It’s one of those golden summer days, the perfect ones. The sun shines golden in a cloudless blue sky, and there’s a faint warm breeze weaving through the screen door. All you want to do is lace up your sneakers and head out for a run – but it’s noontime and you know better than to trust a seemingly cheerful summertime sun.
Summer can be a dangerous season for runners. Of course, that isn’t to say that running in the warmer weather can’t be rewarding and enjoyable when proper precautions are taken – but heat can be a real adversary during the warm months, even for experienced athletes.
Mind Your Limits
I’ve been running for years now, and I can look back and feel empowered by the progress I’ve made as an athlete. The heart-pumping exertion that I once avoided now energizes me. However, I know to listen to my body when it’s telling me to slow down. While runners should work to be stronger and faster, pushing yourself on hot days can be outright dangerous.
A runner’s environment is an important factor in their day-to-day practice. Humidity can make a hot day feel scorching and severely limit stamina. You should never expect yourself to achieve on a hot, humid day what you would on a cool spring morning – so mind your limits! Dial your intensity down by 15-30% to ensure a safe practice.
Know Your Body
A runner can’t ignore dehydration the way someone reading a book in a backyard hammock can. Passing off the signs can lead to real health consequences.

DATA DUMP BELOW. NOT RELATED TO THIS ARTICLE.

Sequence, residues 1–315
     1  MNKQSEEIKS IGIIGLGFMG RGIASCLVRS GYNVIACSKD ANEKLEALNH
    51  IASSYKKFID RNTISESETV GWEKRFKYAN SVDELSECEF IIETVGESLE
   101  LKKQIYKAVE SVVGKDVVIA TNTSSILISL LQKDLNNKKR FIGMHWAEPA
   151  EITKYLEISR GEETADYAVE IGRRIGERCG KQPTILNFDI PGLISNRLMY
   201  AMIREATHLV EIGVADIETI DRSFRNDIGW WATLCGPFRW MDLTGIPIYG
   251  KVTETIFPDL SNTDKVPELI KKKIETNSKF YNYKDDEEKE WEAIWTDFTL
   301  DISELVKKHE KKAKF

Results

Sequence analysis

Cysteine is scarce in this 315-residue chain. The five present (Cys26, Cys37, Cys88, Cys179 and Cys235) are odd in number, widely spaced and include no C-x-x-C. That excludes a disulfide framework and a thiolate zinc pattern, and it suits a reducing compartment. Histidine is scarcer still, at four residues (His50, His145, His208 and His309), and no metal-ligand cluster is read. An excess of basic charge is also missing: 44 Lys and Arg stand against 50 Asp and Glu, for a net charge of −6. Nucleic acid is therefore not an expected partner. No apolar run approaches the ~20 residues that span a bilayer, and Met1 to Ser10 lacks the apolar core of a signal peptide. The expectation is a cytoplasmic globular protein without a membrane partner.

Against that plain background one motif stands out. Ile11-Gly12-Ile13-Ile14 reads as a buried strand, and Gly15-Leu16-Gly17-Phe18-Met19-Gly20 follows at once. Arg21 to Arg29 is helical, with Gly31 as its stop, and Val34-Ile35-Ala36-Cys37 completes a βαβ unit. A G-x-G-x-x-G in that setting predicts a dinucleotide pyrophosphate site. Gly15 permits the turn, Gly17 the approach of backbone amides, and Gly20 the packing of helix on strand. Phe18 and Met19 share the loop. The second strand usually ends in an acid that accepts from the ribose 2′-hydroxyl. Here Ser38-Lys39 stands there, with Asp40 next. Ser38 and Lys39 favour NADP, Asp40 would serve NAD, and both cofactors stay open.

As the body sweats, it dehydrates; the body’s blood volume drops, decreasing its ability to circulate needed oxygen-rich blood to the muscles. Dehydration also has a negative impact on a body’s capability for temperature regulation. Taken together, this means that when a runner pushes themselves beyond safe limits on a hot day, they risk heat stroke.
Pay attention to the physical indicators! If you experience a sudden onset of cramps, lightheadedness, or heart palpitations, stop running and give your body the break it needs.
Timing a run is important. I always run either in the early morning or just before sunset, when the heat of the day is at its ebb. If I have to run during the afternoon, I try to find a shady route that will protect me from the sunlight.
On my way out, I usually enlist an exercise partner. Besides being good company, running buddies keep you honest and ensure that you aren’t pushing yourself too much or little – and if the more dangerous signs of dehydration set in, they can help you get the medical attention you need.
With its warm temperatures and blooming greenery, summer can be a beautiful and rewarding season for a runner – but precautions have to be taken to ensure a safe workout! Enjoy the warmth, and keep your body’s needs in mind as you take that first step into the sunlight.